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Marchesa explores fire and smoke - and Scotland - for fall collection

This image released by Starpix shows the Marchesa Fall 2014 collection during Fashion Week in New York, Wednesday, Feb. 12, 2014. (AP Photo/Starpix, Amanda Schwab)

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This image released by Starpix shows the Marchesa Fall 2014 collection during Fashion Week in New York, Wednesday, Feb. 12, 2014. (AP Photo/Starpix, Amanda Schwab)

NEW YORK, N.Y. - You'd think that designers would know way ahead of time if a movie star were planning to wear their designs to the Oscars. Not true. They find out the same way we do — watching the red carpet arrivals on TV. With fingers crossed.

Georgina Chapman, of the designing duo behind Marchesa, a label extremely popular on the red carpet, says she usually watches the arrivals on an iPad in the car on the way to the Oscars. Her husband is film mogul Harvey Weinstein, which is why she's always there.

"It always goes in and out," she said of the reception on the iPad, "and always cuts out at the (big) moment and I'm like, 'There! No, can't see!'"

Her co-designer, Keren Craig, watches at home. "Sometimes I'll have some friends over and we watch it together, but I sort of like to focus on the red carpet. I don't want too many people around because I'm really glued to that television," she said.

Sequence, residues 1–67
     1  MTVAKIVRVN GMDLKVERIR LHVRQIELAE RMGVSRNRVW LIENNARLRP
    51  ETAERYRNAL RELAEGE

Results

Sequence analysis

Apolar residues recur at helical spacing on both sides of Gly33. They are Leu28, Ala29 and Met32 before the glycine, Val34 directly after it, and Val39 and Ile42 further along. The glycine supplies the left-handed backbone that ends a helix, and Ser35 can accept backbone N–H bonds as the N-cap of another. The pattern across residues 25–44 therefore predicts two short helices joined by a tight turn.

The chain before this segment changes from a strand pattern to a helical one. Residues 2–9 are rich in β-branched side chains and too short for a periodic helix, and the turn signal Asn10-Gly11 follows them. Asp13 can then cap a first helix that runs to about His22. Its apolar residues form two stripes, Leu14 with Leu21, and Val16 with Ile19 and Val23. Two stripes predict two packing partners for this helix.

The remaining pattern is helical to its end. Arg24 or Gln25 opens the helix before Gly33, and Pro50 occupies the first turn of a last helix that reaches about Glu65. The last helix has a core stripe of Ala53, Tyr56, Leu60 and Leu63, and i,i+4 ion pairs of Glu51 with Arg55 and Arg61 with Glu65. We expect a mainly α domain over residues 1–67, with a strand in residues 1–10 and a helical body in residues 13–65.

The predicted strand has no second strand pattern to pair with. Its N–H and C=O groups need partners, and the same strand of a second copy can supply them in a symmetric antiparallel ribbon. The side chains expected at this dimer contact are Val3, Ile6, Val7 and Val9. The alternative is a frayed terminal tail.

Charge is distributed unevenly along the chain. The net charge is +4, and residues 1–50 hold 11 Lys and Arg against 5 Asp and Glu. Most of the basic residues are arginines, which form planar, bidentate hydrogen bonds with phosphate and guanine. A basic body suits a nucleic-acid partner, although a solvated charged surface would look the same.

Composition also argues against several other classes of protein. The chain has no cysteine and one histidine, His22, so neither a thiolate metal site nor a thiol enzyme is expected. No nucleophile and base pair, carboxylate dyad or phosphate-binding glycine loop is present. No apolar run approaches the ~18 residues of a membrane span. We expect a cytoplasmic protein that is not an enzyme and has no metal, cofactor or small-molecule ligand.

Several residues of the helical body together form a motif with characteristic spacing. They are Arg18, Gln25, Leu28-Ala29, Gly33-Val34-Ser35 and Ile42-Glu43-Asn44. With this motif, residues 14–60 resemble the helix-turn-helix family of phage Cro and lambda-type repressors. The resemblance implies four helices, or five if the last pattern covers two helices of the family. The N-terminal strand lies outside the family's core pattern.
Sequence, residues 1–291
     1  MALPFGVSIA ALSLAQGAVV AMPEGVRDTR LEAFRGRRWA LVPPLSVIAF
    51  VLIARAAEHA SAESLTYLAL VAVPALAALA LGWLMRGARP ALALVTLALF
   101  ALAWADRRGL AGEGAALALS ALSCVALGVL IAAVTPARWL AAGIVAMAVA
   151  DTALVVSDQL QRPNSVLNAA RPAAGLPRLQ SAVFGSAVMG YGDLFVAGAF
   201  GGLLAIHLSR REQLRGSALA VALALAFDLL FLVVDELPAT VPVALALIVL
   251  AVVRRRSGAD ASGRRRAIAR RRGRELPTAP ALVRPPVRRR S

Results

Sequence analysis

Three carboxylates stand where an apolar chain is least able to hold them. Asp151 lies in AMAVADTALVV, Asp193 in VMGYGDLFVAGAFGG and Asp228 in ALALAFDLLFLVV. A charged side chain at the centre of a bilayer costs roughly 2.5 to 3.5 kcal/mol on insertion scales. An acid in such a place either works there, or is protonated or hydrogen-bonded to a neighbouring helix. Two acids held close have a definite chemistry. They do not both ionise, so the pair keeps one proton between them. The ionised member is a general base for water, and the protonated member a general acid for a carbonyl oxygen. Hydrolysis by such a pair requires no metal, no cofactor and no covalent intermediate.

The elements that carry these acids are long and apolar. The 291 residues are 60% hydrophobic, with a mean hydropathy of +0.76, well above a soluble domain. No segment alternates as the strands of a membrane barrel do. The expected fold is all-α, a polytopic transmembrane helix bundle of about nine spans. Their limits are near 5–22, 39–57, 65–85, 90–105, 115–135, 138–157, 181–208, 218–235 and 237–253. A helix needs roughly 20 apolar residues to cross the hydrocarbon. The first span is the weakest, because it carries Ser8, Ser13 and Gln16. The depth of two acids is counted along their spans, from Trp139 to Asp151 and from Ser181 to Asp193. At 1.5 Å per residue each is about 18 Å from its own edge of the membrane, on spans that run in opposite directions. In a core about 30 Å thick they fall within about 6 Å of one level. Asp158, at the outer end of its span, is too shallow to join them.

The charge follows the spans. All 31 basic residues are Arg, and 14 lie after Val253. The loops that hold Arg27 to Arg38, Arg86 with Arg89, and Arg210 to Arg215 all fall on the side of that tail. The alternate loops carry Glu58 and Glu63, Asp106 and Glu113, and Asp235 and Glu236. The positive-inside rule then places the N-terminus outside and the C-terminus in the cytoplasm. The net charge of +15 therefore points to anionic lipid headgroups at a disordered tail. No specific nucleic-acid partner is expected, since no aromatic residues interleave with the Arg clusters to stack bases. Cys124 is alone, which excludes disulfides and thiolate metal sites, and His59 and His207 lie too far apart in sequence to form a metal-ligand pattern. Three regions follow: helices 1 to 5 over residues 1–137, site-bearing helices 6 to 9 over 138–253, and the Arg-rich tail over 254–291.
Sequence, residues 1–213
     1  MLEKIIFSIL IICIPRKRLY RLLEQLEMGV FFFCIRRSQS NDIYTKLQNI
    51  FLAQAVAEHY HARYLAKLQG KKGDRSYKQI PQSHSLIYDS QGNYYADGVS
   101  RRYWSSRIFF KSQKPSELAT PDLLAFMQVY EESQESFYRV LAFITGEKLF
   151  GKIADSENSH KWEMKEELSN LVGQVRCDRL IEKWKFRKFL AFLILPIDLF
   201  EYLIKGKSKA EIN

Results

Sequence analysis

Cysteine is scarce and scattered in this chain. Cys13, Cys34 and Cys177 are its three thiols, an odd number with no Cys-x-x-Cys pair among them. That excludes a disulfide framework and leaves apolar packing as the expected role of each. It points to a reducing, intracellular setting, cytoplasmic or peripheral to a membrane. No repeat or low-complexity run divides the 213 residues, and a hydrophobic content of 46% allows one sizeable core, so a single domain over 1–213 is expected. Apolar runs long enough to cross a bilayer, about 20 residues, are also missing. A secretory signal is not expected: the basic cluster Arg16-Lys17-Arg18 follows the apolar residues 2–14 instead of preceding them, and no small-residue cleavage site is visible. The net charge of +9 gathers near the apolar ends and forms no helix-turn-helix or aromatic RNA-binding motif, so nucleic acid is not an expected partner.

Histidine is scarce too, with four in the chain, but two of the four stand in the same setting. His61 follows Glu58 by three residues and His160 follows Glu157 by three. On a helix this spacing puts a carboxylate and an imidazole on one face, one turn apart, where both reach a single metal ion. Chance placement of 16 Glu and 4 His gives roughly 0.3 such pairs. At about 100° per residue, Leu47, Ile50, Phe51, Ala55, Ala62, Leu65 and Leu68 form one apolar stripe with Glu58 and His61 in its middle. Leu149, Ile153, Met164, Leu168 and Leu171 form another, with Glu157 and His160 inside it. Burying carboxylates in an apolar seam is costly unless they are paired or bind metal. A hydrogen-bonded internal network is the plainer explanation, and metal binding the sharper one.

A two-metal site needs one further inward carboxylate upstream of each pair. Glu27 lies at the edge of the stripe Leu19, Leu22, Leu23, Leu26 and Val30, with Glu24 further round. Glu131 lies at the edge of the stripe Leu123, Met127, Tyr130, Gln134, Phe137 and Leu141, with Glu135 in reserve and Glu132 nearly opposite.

Hollywood's fondness for Marchesa's sumptuous gowns was evidenced on Wednesday by the stars in attendance at their runway show: Actresses Katie Holmes, Anna Kendrick, and Sarah Paulson, and supermodel Tyra Banks.

On the runway, Chapman and Craig presented a whimsical collection based on the theme of the Scottish Highlands. Not that there were bagpipes, or anything that looked like your typical kilt.

It was a more abstract connection. Chapman said the two considered "the idea of those misty, foggy fields." Craig added that the duo was thinking of fire. "We have a lot of bonfires so we were looking at the fire and the smoke and we took a lot of the colours from the bonfires."

Fire was evoked in deep oranges, saffron and copper. Smoke was illustrated in greys and teals. The designers also had fun "deconstructing Scotland," in their words, by playing with tartan and the pleating in kilts.

Gowns in so-called tartan lace, in shades of gold and copper, shimmered on the runway and seemed perfect for awards season. One gown with a bright orange ostrich feather skirt looked quite literally like fire, perhaps too much. A black and white feather embroidered tulle gown did not seem to overtly reference fire or Scotland, but was one of the prettiest designs in the show.

A number of the dresses had a Victorian feel, with a lacy buttoned-up back, for example, or even a bustle, in draped silk.

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Associated Press Writer Nicole Evatt contributed to this report.

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